mom and dad told me i could start wearing girl clothes to school and growing my hair long. they even let me change my name to jazz. being jazz felt more -- much more like being me. mom said being jazz would make me different than the other kids in school but that being different is ok. what's important, she said, is i'm happy with who i am. being jazz caused some other people to be confused too like the teachers at school. at the beginning of school, hey wanted me to use the boy's bathroom and play in the boys' gym class but that didn't make me feel normal at all. i was so happy when the teachers changed their minds. i can't imagine not playing on the same team as casey and samantha. even today there are kids who tease me or call me by a boy's name or ignore me altogether. this makes me feel crummy. then i remember that the kids who get to know me usually want to be my friend. they say i am one of the nicest
girls in school. i don't mind being different. different is special. i think what matters most is what a person is like inside. and inside i am happy. i'm having fun. i'm proud. i am jazz. i yield back. the speaker pro tempore: the gentlewoman yields back. the chair now recognizes the gentleman from pennsylvania, mr. thompson, for five minutes. thank you, mr. speaker. mr. speaker, i'm really excited to be on the floor this morning to talk about digital manufacturing and how that impacts the things that we
make. now, this is a quantum leap in manufacturing, allowing objects to be rapidly printed. in the case of cybermanufacturing, printed remotely. since 2009, i've had proudly represented pennsylvania's fifth congressional district which is the largest geographically in the commonwealth and home to penn state main college in state college, pennsylvania, as well as to the barron campus in dubois county and another compu. over the time in congress i had the opportunity to see firsthand how the university is leading in the field of digital manufacturing and areas that range from 3-d bioprinting to cybermanufacturing, robotics and automation. portions of the fifth congressional district have a long history in the powder metal industry. in fact, st. mary's in elk county as well as in cameron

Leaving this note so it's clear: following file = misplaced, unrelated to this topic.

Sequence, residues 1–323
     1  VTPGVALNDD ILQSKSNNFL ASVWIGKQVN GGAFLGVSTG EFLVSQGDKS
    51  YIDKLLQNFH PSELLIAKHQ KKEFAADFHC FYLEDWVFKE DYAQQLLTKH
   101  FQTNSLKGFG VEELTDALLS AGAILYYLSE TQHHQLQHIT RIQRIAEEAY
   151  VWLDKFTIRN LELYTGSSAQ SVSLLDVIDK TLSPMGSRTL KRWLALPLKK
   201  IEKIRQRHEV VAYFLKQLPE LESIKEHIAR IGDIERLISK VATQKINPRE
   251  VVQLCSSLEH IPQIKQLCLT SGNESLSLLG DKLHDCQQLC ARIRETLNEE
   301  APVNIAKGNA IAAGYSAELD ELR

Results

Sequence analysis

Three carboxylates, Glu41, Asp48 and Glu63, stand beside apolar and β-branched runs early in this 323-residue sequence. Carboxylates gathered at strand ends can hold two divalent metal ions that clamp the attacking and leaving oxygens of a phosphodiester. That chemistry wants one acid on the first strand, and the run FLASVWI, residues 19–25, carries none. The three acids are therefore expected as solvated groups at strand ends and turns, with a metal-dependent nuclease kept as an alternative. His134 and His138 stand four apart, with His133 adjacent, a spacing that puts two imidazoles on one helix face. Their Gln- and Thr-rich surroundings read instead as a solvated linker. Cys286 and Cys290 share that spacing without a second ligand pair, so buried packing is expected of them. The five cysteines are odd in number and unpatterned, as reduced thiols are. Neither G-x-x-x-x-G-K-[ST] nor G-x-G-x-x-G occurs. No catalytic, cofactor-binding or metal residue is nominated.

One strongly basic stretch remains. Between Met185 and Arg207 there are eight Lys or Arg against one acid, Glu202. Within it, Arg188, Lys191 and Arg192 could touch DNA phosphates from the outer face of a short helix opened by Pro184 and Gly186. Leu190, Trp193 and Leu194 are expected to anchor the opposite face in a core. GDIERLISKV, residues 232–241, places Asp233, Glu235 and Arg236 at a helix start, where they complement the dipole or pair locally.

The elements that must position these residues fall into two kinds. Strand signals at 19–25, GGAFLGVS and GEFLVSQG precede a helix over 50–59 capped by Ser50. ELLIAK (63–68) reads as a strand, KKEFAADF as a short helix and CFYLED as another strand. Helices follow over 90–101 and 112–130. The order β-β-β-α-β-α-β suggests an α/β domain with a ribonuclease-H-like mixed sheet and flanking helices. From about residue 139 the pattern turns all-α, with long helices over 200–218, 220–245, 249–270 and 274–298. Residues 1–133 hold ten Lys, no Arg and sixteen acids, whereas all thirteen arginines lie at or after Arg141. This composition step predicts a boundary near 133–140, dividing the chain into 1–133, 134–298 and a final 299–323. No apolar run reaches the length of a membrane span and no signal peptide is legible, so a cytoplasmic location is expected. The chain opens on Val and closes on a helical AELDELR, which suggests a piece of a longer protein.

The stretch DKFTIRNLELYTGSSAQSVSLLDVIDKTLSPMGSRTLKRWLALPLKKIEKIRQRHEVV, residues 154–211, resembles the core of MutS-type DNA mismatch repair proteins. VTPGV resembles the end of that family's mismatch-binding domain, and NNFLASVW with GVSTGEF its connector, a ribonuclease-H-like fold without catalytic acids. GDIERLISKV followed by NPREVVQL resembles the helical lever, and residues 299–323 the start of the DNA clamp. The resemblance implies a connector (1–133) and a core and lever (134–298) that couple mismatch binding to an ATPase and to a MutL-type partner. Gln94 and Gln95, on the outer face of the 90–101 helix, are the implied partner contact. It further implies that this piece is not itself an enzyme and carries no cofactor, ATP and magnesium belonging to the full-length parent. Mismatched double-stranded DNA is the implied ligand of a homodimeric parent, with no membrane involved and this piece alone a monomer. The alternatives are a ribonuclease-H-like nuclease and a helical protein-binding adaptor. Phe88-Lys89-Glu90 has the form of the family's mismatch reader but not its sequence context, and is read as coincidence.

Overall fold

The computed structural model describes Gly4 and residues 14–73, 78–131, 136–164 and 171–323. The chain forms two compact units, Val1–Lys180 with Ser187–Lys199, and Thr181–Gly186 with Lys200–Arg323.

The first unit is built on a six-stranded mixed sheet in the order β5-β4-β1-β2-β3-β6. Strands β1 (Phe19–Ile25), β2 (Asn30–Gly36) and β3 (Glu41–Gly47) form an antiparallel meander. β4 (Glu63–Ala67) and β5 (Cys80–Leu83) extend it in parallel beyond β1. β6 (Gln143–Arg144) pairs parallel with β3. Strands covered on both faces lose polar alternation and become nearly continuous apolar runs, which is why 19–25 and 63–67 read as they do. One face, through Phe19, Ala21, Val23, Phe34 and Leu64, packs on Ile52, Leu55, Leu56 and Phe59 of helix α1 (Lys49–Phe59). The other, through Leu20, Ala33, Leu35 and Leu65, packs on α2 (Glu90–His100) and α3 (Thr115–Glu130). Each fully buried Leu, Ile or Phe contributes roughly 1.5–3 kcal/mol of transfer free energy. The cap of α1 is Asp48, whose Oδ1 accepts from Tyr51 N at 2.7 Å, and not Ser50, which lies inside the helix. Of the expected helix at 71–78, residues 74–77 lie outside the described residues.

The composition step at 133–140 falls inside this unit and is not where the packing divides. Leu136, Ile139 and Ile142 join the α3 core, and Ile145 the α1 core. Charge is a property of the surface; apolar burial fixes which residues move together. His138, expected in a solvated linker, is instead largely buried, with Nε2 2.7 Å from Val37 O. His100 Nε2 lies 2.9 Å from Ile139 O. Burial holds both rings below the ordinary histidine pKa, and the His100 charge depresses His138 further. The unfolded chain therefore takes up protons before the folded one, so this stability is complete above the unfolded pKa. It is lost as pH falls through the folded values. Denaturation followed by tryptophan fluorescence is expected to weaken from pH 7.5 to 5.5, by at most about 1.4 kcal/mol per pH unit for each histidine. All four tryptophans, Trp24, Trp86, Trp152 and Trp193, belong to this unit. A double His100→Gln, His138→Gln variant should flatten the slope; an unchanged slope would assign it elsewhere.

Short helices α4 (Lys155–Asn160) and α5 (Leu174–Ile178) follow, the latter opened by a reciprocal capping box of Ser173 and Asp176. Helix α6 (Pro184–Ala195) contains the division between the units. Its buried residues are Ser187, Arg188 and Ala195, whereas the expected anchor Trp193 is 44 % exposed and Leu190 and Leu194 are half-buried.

county, aned a joining county, have been known for years as the powder metal capital of the world. a few years ago i visited penn state to look at additive metal manufacturing which takes place in the university's applied research laboratory 3-d lab. it was amazing to watch metal objects to be made by a 3-d printer. it will revolutionize careers in the powder metal region which has meant so much to our region. in the same vain i've been so impressed with the university's efforts in hosting an additive manufacturing challenge for small businesses. the challenge will award five companies $40,000 to work with aculty and staff at penn state cimp 3-d on projects to demonstrate this amazing technology. beyond the dividends, mr.
speaker, that these new innovations are paying for the industries that drive america's economy, this research is also benefiting our national events. penn state is currently working with the united states naval air systems command to 3-d print, qualify and certify a critical safety item. in other words, an important part of the department of defense vehicle in titanium. this part will be flown in an aircraft next month and will be the first 3-d printed part to have gone through the entire process to become flight certified and tested in the military. i commend the pioneers of this exciting new technology from universities such as my alma mater, penn state, but also universities georgia tech and virginia tech, along with companies such as the aircraft engine manufacture prat and whitney, and helping students prepare for what are certainly -- pratt and whitney, and helping students prepare for what are certainly careers of the future. as co-chairman of the career
and technical education caucus, i spend a lot of time, mr. speaker, visiting schools, visiting our high schools, secondary schools, postsecondary schools that are providing training to greater opportunity and it's exciting to go into specifically high schools and see where this digital manufacturing, this additive manufacturing, using the 3-d printers and various types of materials is now present in our high school. and i appreciate the partnership that penn state has had working with not just business and industry but the collaborative work with our high schools to begin to introduce and grow this new innovation in manufacturing and to introduce this to young lerners, many of whom are going -- learners many of whom will be exposed to the very newest form of innovation for manufacturing. and some will go on to work for